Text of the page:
A new study suggests most cancer cases don’t come down to “bad luck”

Prevention is key.
Prevention is key.
Image: Reuters/Eric Gaillard
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Cancer might have a lot less to do with bad luck than you might think—a new study suggests that up to 90% of the disease risk is tied to external factors, like smoking or radiation.

The study, conducted by scientists from Stony Brook University and published this week in Nature, found only 10% to 30% of cancers to be caused by intrinsic cellular processes in our bodies. The findings challenge a previous study that suggested otherwise.

Cancer occurs when the body’s cells divide uncontrollably, sometimes even spreading into surrounding tissues. In January, a study in Science concluded that inherent processes in the body are the main reason cancer develops in the body. Known as the so-called “bad luck” hypothesis, it suggests the main cause of cancer is the accumulation of mutations when cells divide—a process we have little control over.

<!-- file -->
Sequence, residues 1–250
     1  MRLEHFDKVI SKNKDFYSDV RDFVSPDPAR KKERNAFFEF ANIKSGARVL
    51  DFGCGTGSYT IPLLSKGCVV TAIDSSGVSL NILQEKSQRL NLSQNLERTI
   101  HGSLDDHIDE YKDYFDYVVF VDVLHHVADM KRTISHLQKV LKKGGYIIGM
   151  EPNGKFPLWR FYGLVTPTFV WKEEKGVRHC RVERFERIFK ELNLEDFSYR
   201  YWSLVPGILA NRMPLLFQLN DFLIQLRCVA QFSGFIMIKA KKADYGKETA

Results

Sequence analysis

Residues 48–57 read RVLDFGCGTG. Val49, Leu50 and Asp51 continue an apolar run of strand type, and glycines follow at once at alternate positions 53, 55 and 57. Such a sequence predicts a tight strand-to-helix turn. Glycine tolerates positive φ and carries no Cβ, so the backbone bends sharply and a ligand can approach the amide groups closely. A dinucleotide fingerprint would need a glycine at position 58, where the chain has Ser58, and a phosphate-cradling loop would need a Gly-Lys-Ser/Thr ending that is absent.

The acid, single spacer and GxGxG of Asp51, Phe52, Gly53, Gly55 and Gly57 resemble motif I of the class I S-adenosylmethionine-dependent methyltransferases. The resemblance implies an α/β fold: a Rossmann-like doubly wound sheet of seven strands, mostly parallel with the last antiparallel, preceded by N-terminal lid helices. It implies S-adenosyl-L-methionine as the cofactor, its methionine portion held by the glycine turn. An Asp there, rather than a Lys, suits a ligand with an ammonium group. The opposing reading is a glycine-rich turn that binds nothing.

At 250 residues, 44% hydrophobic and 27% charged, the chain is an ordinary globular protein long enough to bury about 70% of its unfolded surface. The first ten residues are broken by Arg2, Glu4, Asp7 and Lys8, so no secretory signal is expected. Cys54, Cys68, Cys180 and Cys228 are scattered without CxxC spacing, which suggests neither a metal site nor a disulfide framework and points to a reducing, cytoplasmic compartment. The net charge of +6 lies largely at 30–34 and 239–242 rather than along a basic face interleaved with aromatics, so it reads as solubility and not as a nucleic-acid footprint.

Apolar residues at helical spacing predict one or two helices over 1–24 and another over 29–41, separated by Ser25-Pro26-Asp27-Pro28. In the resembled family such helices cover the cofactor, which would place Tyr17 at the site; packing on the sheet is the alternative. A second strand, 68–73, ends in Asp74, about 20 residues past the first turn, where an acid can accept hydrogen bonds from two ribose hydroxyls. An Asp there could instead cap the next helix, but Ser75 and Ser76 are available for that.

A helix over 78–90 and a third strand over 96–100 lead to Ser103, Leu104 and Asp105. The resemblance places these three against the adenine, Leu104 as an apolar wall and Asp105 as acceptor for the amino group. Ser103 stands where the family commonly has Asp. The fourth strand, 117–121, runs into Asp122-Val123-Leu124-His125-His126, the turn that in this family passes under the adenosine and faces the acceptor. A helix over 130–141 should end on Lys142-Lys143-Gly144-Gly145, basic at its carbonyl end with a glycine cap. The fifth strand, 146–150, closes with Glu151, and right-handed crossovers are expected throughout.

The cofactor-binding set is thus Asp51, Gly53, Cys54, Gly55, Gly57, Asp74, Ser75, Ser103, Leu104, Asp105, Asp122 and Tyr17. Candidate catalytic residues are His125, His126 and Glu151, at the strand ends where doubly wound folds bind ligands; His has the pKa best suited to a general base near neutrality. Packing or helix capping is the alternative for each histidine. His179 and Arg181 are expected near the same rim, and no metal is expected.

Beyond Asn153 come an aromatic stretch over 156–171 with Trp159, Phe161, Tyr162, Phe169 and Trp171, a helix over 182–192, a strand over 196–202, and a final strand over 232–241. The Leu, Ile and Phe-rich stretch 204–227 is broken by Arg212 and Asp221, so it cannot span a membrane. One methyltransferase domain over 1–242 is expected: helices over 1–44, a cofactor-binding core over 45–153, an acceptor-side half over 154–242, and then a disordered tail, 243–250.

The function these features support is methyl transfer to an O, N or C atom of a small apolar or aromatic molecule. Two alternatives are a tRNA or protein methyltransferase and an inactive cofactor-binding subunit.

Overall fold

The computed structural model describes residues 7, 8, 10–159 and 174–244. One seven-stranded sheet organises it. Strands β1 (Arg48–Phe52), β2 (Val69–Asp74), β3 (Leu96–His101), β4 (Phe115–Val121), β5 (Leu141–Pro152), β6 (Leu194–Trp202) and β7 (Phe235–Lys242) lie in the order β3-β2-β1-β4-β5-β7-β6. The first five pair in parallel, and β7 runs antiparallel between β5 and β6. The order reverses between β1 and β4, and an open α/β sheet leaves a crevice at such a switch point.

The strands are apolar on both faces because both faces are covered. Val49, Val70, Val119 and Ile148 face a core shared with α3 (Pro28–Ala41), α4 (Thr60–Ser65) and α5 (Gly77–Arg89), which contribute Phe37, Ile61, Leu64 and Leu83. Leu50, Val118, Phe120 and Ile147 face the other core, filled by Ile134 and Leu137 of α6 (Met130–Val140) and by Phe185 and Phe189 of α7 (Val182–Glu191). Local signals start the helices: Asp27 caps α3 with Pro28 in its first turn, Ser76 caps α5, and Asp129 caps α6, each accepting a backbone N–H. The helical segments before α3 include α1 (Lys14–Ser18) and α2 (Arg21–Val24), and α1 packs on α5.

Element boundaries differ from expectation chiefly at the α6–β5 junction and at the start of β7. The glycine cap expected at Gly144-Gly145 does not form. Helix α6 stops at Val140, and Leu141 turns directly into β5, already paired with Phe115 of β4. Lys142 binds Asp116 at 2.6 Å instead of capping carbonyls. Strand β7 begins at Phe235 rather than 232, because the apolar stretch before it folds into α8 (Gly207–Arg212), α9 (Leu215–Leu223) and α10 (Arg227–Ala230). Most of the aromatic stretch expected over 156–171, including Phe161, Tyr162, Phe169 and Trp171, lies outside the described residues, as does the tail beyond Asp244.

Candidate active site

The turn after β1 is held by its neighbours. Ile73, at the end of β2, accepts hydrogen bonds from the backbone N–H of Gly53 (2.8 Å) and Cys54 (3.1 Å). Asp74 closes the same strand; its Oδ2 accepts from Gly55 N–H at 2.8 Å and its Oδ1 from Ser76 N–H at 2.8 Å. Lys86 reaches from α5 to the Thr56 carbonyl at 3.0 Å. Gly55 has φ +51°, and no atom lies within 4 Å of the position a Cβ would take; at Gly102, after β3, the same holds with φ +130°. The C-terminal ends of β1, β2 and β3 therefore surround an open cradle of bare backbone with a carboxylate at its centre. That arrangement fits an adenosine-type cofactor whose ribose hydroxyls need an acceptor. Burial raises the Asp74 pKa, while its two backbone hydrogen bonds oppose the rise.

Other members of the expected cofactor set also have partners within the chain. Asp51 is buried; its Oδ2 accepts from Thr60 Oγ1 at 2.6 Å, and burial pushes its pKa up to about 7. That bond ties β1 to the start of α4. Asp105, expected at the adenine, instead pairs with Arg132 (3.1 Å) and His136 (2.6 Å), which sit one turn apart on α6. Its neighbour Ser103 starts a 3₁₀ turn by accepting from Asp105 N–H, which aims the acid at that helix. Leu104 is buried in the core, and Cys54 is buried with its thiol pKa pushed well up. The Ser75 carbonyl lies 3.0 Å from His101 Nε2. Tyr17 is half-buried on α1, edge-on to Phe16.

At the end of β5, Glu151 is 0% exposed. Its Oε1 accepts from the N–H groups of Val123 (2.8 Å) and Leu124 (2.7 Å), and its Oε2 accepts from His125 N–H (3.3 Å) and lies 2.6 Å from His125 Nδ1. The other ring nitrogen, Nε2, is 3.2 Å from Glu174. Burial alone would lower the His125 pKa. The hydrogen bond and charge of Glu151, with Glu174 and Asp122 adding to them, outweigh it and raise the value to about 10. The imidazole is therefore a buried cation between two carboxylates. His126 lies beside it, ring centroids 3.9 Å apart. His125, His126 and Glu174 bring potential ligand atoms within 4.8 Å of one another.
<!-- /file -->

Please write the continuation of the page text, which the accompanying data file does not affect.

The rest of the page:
Startled by these findings, researchers from the Stony Brook Cancer Center decided to further analyze the impact of environmental factors in causing cancer. They used computer modeling, population data, and patterns in mutations with certain cancers. They found that in 70% to 90% of cases, the risk of cancer comes down to external factors.

Lead researcher Yusuf Hannun compared this risk to playing Russian roulette. He told BBC News:

It is like a revolver, intrinsic risk is one bullet. And if playing Russian roulette, then maybe one in six will get cancer—that’s the intrinsic bad luck.

Now, what a smoker does is add two or three more bullets to that revolver. And now, they pull the trigger.

The findings could have implications for public health policy, the researchers said, as they point to the importance of education and prevention in lowering rates of cancer.